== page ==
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Quiz Answer Revealed

Levitt posted a quiz here, and then gave one hint, and then another.

Nobody has come up with exactly the right answer yet, however. I’m not all that surprised: what the conference organizer did was indeed pretty tricky. A lot of you were close, or had different elements of the answer right, but not quite.

Now Levitt has gotten on a plane, and I’m about to go home sick with the flu, so I’m going to go ahead and give this answer so the quiz doesn’t drag out all day.

Here’s what happened. The speaker before Levitt was, as some of you surmised, putting the audience to sleep. So what’d the conference organizer do? He adjusted the speed of the countdown clock. When you’re giving a lecture on a big stage, there’s usually an electronic countdown clock on a video monitor that tells you how much time you’ve got left. If you’re giving a 60-minute talk, for instance, it might count down in 5-minute increments and then go into second mode after that. In this case, the organizer sped up the previous speaker’s countdown clock by about 30%, which meant that the speaker thought he was speaking for the entire 60 minutes but in fact gave a much shorter speech. In the meantime, the conference organizer summoned Levitt to arrive early to begin right after the previous speaker’s talk.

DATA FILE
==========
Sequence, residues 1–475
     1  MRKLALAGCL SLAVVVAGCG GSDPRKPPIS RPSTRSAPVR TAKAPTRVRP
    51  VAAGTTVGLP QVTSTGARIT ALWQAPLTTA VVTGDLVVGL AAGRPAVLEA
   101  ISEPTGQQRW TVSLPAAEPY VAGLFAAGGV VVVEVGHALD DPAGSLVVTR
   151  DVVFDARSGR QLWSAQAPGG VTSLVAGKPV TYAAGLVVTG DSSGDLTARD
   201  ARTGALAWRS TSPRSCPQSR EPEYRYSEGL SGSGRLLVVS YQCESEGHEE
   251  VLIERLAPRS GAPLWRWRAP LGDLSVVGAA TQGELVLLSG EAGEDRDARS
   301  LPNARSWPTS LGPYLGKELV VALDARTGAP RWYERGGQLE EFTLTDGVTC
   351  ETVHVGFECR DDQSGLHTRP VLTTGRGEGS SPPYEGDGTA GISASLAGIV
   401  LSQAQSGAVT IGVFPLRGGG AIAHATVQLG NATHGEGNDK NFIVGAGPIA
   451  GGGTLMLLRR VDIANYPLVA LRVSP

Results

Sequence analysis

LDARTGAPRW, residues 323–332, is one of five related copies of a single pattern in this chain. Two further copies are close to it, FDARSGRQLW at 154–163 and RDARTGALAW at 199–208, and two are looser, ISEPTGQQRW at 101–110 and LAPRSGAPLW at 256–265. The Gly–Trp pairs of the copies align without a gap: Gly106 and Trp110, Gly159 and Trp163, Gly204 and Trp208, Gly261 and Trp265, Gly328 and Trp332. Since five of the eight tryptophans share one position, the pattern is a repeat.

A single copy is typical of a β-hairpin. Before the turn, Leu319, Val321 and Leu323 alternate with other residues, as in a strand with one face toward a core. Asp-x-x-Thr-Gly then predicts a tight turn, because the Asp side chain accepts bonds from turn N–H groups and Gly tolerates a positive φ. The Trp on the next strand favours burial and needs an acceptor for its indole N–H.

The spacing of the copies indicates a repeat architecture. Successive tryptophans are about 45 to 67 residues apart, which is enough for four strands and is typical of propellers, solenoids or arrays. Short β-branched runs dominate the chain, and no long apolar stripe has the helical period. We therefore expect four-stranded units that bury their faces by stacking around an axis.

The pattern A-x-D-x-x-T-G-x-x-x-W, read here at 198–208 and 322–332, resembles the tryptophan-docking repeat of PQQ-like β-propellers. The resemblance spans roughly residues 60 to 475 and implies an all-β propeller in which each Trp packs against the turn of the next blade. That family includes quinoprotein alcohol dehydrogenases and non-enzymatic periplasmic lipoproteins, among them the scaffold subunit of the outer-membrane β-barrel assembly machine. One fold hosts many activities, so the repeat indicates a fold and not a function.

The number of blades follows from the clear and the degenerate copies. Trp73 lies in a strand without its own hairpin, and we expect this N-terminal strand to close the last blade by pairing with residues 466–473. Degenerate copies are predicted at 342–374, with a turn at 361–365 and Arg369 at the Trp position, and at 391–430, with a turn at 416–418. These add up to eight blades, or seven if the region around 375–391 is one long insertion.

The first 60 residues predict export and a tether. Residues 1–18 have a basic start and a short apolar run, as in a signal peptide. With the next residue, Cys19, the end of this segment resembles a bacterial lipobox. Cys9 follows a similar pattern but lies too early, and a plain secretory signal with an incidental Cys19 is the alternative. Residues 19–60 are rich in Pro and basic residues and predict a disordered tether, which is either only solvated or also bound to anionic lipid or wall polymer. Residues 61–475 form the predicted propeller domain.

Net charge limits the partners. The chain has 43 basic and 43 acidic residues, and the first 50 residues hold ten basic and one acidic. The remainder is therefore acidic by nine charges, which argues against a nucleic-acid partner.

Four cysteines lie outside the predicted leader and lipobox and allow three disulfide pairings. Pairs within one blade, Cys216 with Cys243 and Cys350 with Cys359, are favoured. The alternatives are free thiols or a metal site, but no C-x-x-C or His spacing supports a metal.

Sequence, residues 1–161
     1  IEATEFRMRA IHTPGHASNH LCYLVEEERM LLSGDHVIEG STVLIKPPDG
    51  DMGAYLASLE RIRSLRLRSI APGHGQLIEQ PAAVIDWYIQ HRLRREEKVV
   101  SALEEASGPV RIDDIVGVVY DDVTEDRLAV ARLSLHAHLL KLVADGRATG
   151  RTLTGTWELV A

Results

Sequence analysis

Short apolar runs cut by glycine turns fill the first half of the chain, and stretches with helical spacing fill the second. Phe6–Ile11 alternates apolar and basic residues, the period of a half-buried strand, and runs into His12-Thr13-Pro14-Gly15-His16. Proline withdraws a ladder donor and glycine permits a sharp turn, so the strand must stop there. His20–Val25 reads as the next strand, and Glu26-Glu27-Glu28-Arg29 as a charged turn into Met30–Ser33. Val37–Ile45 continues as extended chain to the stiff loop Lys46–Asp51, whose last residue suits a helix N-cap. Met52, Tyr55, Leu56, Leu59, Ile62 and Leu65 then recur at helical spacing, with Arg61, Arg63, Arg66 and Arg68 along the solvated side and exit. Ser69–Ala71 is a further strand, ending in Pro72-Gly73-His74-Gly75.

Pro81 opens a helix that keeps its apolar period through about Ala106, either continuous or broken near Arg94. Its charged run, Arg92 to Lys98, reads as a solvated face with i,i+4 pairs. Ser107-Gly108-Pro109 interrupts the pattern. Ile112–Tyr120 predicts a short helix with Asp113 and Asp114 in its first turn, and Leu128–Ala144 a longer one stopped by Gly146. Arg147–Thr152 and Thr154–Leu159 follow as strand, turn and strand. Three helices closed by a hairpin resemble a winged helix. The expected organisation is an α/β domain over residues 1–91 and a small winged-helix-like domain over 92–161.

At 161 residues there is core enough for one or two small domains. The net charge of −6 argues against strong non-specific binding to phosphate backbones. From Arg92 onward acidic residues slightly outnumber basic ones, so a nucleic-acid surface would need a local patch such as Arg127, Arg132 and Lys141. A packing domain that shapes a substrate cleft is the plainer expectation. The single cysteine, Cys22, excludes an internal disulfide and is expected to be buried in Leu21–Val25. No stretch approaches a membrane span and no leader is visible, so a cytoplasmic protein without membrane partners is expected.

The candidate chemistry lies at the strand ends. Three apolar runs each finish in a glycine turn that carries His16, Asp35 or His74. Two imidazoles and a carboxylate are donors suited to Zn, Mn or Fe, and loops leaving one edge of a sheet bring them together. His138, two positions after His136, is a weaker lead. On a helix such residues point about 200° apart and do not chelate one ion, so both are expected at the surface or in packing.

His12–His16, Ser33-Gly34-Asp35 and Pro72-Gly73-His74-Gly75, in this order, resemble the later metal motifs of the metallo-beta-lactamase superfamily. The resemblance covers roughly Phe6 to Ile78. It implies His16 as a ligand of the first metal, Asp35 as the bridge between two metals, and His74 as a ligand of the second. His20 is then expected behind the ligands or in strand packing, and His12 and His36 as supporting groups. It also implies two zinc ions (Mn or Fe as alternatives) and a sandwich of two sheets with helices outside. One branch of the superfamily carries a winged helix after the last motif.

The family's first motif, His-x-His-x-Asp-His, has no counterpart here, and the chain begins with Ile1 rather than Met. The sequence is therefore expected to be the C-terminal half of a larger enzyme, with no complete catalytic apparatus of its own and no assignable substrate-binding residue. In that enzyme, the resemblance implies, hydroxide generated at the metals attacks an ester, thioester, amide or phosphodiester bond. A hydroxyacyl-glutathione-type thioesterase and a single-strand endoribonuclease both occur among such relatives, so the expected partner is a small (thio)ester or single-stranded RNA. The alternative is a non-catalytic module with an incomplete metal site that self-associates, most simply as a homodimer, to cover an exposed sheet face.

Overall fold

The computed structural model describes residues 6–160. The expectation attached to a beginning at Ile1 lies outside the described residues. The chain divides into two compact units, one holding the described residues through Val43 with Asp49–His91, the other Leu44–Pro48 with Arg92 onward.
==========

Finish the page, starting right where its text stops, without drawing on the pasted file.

Two of you came pretty close in the last round of answering. Here’s what NewDad had to say:

You know how the monitor speaker that points to the speaker that provides feedback to the speaker. So, instead of letting the sounds pass right through from the microphone to the monitoring speakers, they sped it up gradually. Now, up on hearing the sped-up feedback, the speaker was subconsciously influenced to speed up his/her speech, thus finishing it ahead of time.

Now, if it seems technologically nifty to speed up a countdown clock, it would seem really hard to speed up live audio. But still, nice guess.

Here’s what Gabofr guessed:

Nobody was paying attention to the previous speaker, so he was clever to lie to you in order to start your presentation early. It is devious because people were starting to leave and he decided to cut short the earlier speaker.

Again, not quite right, but certainly warm.

I’ll leave it for Levitt decide whom he wants to give the prize to in this case, since it was his quiz. Great guesses, everyone.